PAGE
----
Breast Lipomodeling Doesn't Interfere with Mammograms
No Problems with Breast Cancer Screening after Fat Transfer Procedure for Breast Augmentation
ARLINGTON HEIGHTS, Ill. - Lipomodeling - a relatively new approach to breast augmentation in which fat is transferred to the breasts from other parts of the body - doesn't interfere with routine screening mammograms, reports a study in the March issue of Plastic and Reconstructive Surgery®, the official medical journal of the American Society of Plastic Surgeons (ASPS).
"Radiographic follow-up of breasts treated with fat grafting is not problematic and should not be a hindrance to the procedure," concludes the new study, led by Michaël Veber, MD, of University of Lyon-Léon Bérard Cancer Center, France.
No Increase in Abnormal Mammogram Results After Breast 'Lipomodeling'
Originally developed for breast reconstruction surgery, lipomodeling is now being used by some plastic surgeons for cosmetic breast shaping. In this procedure, small amounts of fat are taken from one part of the woman's body (such as the hips or thighs) and transferred (grafted) to the breasts. The new study was designed to determine whether lipomodeling caused any problems with routine mammograms to screen for breast cancer.
First, the researchers reviewed mammograms performed an average of 16 months after lipomodeling in 31 women. In more than half of cases, the mammograms showed no abnormalities.
Some women had small calcifications or cysts as aftereffects of the fat transfer procedure. A few women had other abnormalities related to scarring from their breast surgery. However, none of these changes were considered likely to raise suspicions of breast cancer on routine mammograms.
Dr. Veber and colleagues then analyzed mammograms performed before and after lipomodeling in 20 women. Based on standard criteria, there were no significant differences in the mammographic results from before to after the procedure. In particular, there was no increase in abnormal results that would spur suspicion of breast cancer.
There were no major changes in breast density after lipomodeling. Perhaps most importantly, it was no more difficult to perform and interpret follow-up mammograms in breasts that had undergone the procedure.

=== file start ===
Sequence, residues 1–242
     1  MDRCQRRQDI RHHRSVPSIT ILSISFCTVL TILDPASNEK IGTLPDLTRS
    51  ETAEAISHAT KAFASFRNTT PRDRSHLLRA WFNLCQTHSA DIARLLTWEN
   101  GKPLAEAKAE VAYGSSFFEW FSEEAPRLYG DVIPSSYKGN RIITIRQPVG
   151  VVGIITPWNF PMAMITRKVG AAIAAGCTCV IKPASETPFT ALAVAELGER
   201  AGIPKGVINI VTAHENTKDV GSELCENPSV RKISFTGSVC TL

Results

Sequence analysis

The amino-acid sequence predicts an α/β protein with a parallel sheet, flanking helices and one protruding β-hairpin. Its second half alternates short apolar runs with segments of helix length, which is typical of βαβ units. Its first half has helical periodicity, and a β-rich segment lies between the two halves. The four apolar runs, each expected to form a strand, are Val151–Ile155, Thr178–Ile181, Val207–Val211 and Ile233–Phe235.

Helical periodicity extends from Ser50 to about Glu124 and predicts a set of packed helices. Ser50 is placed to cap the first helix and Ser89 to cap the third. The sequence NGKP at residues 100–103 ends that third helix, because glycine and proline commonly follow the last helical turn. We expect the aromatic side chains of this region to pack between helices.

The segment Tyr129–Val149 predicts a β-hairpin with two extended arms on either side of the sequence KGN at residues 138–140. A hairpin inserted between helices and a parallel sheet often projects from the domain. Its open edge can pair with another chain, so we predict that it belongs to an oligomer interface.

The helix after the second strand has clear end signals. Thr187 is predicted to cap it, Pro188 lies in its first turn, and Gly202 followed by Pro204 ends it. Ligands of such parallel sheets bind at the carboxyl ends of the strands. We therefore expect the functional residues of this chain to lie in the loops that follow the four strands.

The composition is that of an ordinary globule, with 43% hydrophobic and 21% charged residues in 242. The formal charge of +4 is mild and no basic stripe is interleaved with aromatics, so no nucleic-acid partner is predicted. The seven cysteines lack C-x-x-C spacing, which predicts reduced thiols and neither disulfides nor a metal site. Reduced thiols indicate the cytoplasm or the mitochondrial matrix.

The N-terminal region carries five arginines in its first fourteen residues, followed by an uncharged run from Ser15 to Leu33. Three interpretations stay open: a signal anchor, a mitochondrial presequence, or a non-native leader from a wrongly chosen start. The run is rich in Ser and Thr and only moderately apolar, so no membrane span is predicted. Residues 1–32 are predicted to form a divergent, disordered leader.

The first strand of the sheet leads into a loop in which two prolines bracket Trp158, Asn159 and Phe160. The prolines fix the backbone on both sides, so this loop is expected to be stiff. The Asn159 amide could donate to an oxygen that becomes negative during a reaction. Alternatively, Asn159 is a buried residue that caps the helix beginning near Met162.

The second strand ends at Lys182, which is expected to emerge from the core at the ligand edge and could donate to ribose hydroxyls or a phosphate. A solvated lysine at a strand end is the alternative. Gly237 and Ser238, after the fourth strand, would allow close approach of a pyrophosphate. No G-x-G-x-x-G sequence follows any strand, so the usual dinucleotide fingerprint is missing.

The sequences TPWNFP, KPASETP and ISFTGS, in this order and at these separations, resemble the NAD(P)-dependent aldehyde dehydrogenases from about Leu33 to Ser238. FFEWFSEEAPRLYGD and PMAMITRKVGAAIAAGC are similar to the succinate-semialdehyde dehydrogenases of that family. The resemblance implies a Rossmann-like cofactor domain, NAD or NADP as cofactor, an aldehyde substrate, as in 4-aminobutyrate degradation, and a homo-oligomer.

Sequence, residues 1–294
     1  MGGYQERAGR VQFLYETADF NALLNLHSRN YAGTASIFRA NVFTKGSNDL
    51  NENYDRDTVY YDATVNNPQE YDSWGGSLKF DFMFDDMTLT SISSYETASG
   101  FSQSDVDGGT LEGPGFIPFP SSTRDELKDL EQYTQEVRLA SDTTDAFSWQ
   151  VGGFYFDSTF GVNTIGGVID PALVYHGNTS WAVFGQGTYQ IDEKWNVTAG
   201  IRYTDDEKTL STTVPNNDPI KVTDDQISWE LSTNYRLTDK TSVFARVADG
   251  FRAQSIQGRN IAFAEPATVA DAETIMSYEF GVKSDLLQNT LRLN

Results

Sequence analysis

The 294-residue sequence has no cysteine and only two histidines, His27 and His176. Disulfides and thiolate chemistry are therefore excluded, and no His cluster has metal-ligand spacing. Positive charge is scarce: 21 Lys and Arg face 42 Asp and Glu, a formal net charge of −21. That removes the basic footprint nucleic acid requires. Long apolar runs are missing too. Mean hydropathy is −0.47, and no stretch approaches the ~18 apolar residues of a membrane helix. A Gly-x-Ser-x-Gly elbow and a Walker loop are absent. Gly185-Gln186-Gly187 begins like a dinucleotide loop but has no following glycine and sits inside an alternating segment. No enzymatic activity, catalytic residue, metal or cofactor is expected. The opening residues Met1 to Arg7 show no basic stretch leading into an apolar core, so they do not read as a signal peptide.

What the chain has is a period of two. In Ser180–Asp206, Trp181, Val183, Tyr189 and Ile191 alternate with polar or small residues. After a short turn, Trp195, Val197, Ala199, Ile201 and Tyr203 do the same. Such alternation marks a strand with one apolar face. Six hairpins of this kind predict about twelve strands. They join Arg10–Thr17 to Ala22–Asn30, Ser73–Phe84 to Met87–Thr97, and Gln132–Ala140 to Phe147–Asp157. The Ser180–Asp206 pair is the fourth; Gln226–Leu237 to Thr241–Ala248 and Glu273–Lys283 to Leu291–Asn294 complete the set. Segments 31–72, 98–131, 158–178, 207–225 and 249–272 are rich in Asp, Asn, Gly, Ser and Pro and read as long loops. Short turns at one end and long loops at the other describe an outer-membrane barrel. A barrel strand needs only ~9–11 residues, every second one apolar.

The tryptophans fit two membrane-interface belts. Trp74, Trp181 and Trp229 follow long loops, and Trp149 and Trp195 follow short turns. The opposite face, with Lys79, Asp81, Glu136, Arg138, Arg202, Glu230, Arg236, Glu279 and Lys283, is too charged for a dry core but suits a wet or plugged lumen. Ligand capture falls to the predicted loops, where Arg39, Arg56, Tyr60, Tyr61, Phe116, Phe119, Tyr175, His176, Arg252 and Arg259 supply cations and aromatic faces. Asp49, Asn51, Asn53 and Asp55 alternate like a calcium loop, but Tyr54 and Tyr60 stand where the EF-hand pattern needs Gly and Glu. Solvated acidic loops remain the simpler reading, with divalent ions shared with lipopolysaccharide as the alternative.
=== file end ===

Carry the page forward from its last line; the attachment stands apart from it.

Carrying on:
Although the study is only preliminary, it provides important information for health care professionals performing mammograms in women who have undergone this new approach to breast augmentation. Dr. Veber and coauthors suggest that women undergoing lipomodeling have a complete evaluation-including mammograms-before and after the procedure. This will provide reassurance that any new abnormalities are a result of the lipomodeling procedure, rather than a possible sign of breast cancer.
Plastic and Reconstructive Surgery® is published by Lippincott Williams & Wilkins, part of Wolters Kluwer Health.
About Plastic and Reconstructive Surgery
For over 75 years, Plastic and Reconstructive Surgery® has been the one consistently excellent reference for every specialist who uses plastic surgery techniques or works in conjunction with a plastic surgeon. The official journal of the American Society of Plastic Surgeons, Plastic and Reconstructive Surgery® brings subscribers up-to-the-minute reports on the latest techniques and follow-up for all areas of plastic and reconstructive surgery, including breast reconstruction, experimental studies, maxillofacial reconstruction, hand and microsurgery, burn repair and cosmetic surgery, as well as news on medico-legal issues.
The American Society of Plastic Surgeons (ASPS) is the largest organization of board-certified plastic surgeons in the world. Representing more than 7,000 physician members, the society is recognized as a leading authority and information source on cosmetic and reconstructive plastic surgery. ASPS comprises more than 93 percent of all board-certified plastic surgeons in the United States. Founded in 1931, the society represents physicians certified by The American Board of Plastic Surgery or The Royal College of Physicians and Surgeons of Canada.
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